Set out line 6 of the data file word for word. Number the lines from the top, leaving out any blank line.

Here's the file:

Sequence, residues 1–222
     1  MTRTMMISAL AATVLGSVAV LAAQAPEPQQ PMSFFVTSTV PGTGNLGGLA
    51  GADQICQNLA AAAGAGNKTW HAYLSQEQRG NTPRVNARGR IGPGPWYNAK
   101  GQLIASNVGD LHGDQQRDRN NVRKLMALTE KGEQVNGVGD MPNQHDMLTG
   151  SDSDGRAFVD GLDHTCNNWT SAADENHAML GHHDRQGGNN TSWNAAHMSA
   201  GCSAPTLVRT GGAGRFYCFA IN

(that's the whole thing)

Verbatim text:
   201  GCSAPTLVRT GGAGRFYCFA IN